10 June 2016

Orcs, Magicians, and Evil Spirits - Anyone Up for Ninja Turtles Again?

We're really at the point where as a nation we're collectively dreading Summer Fridays instead of looking forward to them. How did this summer get off to such a rough start? Today like every Friday through August we're taking a look at the films hitting the multiplex, and somehow in an already extremely rough season this is looking like a fucking turnip fire. The M.O. of Summer 2016 seems to be "sequels that no one wanted" and unlike most years it seems as if the populace is actually voicing their opinion. Nearly every film has bombed. How is this possible? It's quite clear that no one gives a shit about shitty movies anymore.

Obviously, the remedy here is to offer us a cheeky sequel to a film that did kind of okay back in 2013, but no one's cared about since, a sequel to a summer horror film that's as well-regarded as it was unique, and what might quite possibly turn into the biggest box office disaster of 2016. So let's sort through this shit, and I might move quick because, spoiler alert, the answer to every question, "will this be successful?" is almost assuredly "No."
Expecto Patronum!

Now You See Me 2 (2016) can really be summed up by the fact that they didn't name this sequel Now You Don't (2016). That's such a perfect sequel title! Now You See Me 2 is all kinds of awkward, forcing this serialized moniker on the common magic phrase that served as the first film's title. Instead of going in a clever, cheeky, self-aware, or interesting route, it serves as a baseline for this franchise's lack of creativity.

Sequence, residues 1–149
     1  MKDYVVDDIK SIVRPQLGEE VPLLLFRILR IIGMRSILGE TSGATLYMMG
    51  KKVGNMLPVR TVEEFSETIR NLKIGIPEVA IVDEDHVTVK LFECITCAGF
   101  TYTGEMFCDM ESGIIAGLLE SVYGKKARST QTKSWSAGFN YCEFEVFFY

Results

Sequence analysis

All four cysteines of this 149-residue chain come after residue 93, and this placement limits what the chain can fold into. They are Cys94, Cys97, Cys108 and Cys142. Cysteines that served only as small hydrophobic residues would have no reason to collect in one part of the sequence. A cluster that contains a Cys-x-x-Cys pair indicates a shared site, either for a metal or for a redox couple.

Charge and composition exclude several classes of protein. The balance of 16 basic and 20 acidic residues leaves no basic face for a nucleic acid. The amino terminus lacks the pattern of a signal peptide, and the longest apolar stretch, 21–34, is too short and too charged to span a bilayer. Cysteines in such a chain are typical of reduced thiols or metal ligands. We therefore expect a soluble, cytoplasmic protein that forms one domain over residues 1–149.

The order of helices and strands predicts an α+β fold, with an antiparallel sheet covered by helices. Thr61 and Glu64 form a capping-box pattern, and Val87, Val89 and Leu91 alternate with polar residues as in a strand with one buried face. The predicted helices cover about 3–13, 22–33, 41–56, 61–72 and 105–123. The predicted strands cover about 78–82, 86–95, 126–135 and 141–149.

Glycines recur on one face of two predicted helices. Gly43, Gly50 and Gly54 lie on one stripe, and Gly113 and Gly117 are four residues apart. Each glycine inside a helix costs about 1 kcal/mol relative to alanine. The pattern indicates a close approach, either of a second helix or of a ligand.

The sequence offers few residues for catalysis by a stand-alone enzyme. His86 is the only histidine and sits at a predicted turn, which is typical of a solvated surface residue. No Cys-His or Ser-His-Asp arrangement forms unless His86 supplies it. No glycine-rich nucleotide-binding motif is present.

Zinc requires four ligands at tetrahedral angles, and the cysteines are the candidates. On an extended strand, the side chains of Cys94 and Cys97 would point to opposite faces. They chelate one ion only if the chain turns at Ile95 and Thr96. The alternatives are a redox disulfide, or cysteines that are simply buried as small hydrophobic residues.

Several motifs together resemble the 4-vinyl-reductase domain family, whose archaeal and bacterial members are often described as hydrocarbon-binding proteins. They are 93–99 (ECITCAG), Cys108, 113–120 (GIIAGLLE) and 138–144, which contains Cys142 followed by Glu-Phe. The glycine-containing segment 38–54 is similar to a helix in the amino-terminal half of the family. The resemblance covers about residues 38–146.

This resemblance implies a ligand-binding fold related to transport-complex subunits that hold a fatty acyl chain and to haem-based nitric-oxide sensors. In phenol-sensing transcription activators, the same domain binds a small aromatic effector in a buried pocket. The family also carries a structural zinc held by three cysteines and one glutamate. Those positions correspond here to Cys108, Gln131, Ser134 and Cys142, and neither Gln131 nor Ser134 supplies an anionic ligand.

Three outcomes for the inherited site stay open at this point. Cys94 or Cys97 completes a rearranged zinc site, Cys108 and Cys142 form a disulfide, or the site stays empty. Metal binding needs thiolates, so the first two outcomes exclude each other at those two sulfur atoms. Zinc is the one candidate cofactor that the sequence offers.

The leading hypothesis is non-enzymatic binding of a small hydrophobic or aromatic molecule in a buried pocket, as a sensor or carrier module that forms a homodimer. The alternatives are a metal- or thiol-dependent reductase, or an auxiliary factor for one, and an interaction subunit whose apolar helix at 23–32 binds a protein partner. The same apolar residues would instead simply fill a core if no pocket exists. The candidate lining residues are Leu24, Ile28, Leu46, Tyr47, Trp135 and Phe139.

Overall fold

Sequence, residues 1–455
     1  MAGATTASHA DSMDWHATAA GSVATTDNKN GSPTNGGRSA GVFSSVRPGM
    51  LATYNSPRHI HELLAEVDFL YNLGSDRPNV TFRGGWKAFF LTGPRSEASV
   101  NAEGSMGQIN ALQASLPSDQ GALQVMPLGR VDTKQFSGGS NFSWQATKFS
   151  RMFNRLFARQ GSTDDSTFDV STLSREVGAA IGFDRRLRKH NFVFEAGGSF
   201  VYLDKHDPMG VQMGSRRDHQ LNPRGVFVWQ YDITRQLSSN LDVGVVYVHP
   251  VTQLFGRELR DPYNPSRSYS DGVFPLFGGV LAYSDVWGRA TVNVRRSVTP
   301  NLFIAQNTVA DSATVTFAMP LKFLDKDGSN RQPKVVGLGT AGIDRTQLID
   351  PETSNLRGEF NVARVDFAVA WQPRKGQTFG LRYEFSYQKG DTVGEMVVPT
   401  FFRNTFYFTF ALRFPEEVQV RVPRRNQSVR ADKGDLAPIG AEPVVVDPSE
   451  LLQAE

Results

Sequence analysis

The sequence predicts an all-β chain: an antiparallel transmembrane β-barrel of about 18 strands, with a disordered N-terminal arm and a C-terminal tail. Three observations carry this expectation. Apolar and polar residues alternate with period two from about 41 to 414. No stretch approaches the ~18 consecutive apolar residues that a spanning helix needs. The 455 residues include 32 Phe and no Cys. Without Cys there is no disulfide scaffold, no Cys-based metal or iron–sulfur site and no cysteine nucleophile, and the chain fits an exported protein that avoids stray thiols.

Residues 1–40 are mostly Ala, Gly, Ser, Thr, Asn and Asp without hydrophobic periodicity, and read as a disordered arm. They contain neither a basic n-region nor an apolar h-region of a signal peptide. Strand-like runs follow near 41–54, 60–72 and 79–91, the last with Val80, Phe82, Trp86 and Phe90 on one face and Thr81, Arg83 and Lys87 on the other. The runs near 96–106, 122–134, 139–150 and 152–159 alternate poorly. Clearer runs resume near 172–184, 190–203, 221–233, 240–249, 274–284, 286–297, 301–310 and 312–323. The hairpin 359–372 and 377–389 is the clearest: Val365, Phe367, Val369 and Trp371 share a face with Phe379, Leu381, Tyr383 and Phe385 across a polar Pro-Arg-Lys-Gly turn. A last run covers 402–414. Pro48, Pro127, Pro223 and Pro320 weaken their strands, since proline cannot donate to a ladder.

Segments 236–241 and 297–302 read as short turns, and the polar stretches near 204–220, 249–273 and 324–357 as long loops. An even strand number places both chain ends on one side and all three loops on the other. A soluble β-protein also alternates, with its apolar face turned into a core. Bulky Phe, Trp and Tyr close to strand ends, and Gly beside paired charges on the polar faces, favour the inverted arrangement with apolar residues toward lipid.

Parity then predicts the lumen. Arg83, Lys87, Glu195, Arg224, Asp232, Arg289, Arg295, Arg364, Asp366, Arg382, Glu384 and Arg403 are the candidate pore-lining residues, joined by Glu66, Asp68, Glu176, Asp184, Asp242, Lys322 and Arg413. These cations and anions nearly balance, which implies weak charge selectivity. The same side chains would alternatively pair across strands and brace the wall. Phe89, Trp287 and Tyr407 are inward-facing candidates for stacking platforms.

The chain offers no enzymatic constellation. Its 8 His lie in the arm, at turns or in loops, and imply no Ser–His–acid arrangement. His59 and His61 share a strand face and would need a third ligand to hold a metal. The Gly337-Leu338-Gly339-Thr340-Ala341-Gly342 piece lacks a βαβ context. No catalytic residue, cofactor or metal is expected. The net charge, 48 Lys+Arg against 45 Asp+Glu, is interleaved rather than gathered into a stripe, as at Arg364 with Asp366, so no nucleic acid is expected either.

I've only seen bits and pieces of Now You See Me (2013), but I have seen the ending, and it's super weird and convoluted. It also somehow boasted one of the strongest casts ever, with two Oscar winners and three more nominees, with the rest being MĂ©lanie Laurent, Jesse Eisenberg, Isla Fisher, and Dave Franco which is damn solid. The sequel seems to be throwing out Laurent and Fisher, replacing at least one of them with Lizzy Caplan, and throwing in famed magician Daniel Radcliffe (who is doing all sorts of wonderful non-Harry Potter things these days - almost reminding me of the weird directions that Elijah Wood's career has crept), which is all fine by me. It's still amazing, though, that all these great actors got together to make this really awful film.

The issue is the self-seriousness. To make a dumb movie like this that flirts with all these big ideas but never really in a satisfying or cathartic way, you have to have some degree of camp or fun. This film pretends to have fun, but its tonal intensity and preponderance for CGI, even if it's subtle, over real magic (okay, "real" magic) undermines that. This would have been a great Soderbergh or Edgar Wright film. The first film in the hands of Louis Leterrier is a rough onslaught of mismanaged tones (see also: Clash of the Titans [2010]), and Jon Chu is a tremendous downgrade. Amazing that we aren't expecting more from the guy who shepharded the Step-Up franchise, bungled G.I. Joe: Retaliation (2013) (I'll add Stephen Sommers to my list of weirdo campy directors who could make this work) and most recently offered us Jem and the Holograms (2015). Is there a director that more often misses the mark? Don't answer that.